Critics called the ban "the global gag rule" because of its restrictions on the right of groups receiving U.S. family-planning assistance to participate in public debate on abortion in their home countries.
Obama also publicly re-iterated his intention to resume U.S. funding for the UN Population Fund (UNFPA) -- another campaign promise.
"I look forward to working with Congress to restore U.S. financial support for the UN Population Fund. By resuming funding to UNFPA, the U.S. will be joining 180 other donor nations working collaboratively to reduce poverty, improve the health of women and children, prevent HIV/AIDS and provide family planning assistance to women in 154 countries," said Obama.
Public health and women's rights groups celebrated Obama's latest move, even as anti-abortion and Christian Right groups deplored it.
UNFPA Executive Director Thoraya Ahmed Obaid welcomed Obama's decision to restore funding to UNFPA and noted, "how quickly he has addressed this issue. His actions send a strong message about his leadership and his desire to support causes that will promote peace and dignity, equality for women and girls, and economic development in the poorest regions of the world. And, access to reproductive health is at the core of all of these issues," she said.
"President Obama's immediate repeal of the Global Gag Rule signals a new era in U.S. leadership supporting health, safety and rights of women across the world," said Serra Sippel, director of the Center for Health and Gender Equity (CHANGE) here.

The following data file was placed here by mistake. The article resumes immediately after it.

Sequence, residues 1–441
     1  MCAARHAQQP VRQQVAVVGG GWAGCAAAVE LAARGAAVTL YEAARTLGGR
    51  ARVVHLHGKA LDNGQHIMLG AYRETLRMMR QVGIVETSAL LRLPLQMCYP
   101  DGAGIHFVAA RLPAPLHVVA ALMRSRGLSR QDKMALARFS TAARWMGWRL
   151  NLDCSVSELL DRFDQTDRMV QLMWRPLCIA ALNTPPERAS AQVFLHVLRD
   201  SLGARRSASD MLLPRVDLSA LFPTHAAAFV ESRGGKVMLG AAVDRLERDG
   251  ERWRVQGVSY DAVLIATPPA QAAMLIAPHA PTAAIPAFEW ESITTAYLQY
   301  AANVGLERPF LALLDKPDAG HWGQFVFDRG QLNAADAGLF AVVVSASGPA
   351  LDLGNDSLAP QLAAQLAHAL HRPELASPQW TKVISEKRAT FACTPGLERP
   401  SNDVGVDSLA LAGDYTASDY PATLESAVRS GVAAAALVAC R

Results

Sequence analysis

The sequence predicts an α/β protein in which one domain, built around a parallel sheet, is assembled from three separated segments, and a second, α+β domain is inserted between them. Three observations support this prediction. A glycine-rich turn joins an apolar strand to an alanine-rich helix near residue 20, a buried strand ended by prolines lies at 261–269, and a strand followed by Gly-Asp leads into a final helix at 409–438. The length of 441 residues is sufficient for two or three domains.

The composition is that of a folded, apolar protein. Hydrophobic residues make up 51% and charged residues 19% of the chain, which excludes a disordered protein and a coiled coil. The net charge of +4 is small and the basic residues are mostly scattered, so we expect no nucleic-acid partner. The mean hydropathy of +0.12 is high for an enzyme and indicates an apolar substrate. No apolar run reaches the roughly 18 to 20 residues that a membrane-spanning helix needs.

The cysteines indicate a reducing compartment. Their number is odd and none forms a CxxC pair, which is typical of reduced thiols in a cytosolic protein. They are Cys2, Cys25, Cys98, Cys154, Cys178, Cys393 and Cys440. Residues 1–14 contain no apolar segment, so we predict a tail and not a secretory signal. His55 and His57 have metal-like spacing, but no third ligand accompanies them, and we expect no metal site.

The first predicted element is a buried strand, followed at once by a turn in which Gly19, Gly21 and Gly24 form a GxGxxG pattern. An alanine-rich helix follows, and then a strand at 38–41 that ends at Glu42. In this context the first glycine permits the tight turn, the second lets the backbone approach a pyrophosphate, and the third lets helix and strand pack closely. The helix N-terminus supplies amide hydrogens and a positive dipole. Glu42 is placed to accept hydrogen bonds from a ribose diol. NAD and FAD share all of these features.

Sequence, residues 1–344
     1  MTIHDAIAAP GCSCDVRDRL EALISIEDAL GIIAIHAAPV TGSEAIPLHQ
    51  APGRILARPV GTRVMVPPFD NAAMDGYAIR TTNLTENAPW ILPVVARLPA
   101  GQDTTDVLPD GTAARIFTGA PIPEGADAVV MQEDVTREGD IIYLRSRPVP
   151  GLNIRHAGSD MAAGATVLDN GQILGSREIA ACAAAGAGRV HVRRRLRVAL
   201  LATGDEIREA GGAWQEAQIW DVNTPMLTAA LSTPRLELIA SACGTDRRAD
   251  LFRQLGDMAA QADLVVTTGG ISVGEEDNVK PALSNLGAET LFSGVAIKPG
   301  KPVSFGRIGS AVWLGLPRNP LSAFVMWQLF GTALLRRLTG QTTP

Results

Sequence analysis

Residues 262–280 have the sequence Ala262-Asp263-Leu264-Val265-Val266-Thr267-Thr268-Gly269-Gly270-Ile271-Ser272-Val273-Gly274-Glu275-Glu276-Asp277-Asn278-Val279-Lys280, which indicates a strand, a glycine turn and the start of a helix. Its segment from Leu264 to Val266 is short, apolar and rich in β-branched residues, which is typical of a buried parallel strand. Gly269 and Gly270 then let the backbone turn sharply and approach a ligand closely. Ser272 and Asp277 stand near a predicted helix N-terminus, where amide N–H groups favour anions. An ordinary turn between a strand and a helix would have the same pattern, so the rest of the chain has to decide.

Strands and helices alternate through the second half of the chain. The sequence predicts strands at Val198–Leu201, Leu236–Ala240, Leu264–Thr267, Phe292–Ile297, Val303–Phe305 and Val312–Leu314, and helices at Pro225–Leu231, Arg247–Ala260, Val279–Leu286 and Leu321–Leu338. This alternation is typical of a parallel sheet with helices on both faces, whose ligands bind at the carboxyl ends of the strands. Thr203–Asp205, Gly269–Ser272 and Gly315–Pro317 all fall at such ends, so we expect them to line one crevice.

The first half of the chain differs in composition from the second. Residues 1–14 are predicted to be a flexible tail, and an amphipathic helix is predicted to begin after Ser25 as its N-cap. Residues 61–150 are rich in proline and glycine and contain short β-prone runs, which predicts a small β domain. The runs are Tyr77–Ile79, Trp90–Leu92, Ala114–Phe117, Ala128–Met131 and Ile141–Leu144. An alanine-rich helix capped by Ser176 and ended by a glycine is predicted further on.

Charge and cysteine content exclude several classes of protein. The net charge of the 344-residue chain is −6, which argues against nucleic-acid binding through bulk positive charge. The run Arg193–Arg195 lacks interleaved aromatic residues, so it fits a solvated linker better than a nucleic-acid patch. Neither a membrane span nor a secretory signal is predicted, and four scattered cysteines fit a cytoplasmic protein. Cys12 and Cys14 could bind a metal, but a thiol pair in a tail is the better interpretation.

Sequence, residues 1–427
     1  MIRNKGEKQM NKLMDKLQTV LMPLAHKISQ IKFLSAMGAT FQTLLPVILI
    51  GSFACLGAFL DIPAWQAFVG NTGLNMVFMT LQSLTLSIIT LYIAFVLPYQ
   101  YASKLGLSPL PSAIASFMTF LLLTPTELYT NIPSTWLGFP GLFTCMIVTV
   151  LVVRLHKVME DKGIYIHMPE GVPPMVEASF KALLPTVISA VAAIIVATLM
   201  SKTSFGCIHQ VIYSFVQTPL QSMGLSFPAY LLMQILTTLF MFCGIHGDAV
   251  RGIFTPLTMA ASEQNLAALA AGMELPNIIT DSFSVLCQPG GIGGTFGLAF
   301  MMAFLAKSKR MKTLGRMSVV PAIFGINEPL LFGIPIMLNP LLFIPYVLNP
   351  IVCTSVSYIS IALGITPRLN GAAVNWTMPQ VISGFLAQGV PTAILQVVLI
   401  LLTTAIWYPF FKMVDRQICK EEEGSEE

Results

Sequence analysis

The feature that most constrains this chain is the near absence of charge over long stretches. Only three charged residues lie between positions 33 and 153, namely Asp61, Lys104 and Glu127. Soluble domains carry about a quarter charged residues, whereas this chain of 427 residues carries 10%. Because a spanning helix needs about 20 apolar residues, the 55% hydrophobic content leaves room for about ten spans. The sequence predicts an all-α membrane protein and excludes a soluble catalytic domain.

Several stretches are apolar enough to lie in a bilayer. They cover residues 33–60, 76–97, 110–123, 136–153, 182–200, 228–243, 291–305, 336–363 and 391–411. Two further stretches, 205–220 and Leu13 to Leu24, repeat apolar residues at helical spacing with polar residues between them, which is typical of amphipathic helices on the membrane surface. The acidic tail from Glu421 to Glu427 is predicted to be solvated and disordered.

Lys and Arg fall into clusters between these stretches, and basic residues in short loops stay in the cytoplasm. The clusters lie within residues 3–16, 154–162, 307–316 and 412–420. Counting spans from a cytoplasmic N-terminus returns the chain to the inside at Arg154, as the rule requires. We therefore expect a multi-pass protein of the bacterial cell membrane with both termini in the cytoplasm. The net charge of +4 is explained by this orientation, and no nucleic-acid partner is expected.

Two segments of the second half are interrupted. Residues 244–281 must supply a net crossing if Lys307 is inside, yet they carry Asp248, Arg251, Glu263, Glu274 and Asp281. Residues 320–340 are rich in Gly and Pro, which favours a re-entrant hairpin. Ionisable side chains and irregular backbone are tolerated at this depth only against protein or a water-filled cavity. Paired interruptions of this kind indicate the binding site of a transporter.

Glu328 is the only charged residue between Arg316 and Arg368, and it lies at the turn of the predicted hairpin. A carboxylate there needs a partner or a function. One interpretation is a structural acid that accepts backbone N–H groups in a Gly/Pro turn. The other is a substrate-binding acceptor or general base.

"Many of the world's most underserved women will now have a greater chance to obtain much-needed family planning information and services, as well as safe and legal abortion services -- all of which are critical in equipping women with the knowledge and tools to plan their pregnancies and lead healthy and productive lives," she noted.
"Yesterday, President Obama issued executive orders banning the torture of terrorists but today signed an order that exports the torture of unborn children around the world," said Tony Perkins, president of the far-right Family Research Council (FRC). "Thanks to his actions today, U.S. taxpayers will be forced to take part in exporting a culture of death."
Obama's order came one day after the 36th anniversary of Roe v. Wade, the U.S. Supreme Court decision that legalized abortion in the United States. The day is traditionally marked, as it was again this year, by a protest rally and march in Washington by thousands of anti-abortion activists.
The anniversary has been used by two previous presidents to reverse their predecessors' policies on U.S. funding and other support for organizations involved with family planning and abortion.
On Jan 22, 1993, President Bill Clinton lifted a Ronald Reagan-imposed ban -- called the "Mexico City policy" after the site of the international conference at which it was first announced -- on U.S. funding to organizations that provided abortion-related services or lobbied their governments to ease restrictions on the availability of abortions. Exactly eight years later, Bush re-imposed the ban.
Obama's political aides made it clear this week, however, that he would not sign the order repealing Bush's ban on the anniversary in order to avoid gratuitously provoking anti-abortion forces, whose rank and file consists primarily of Protestant fundamentalists and conservative Catholics.